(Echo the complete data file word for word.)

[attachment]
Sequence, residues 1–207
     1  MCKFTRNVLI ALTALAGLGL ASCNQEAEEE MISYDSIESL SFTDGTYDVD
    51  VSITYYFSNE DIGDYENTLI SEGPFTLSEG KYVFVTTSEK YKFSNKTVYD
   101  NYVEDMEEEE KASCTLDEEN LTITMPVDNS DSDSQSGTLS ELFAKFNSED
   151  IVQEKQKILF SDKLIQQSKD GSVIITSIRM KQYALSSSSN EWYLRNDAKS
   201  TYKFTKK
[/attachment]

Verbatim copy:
Sequence, residues 1–207
     1  MCKFTRNVLI ALTALAGLGL ASCNQEAEEE MISYDSIESL SFTDGTYDVD
    51  VSITYYFSNE DIGDYENTLI SEGPFTLSEG KYVFVTTSEK YKFSNKTVYD
   101  NYVEDMEEEE KASCTLDEEN LTITMPVDNS DSDSQSGTLS ELFAKFNSED
   151  IVQEKQKILF SDKLIQQSKD GSVIITSIRM KQYALSSSSN EWYLRNDAKS
   201  TYKFTKK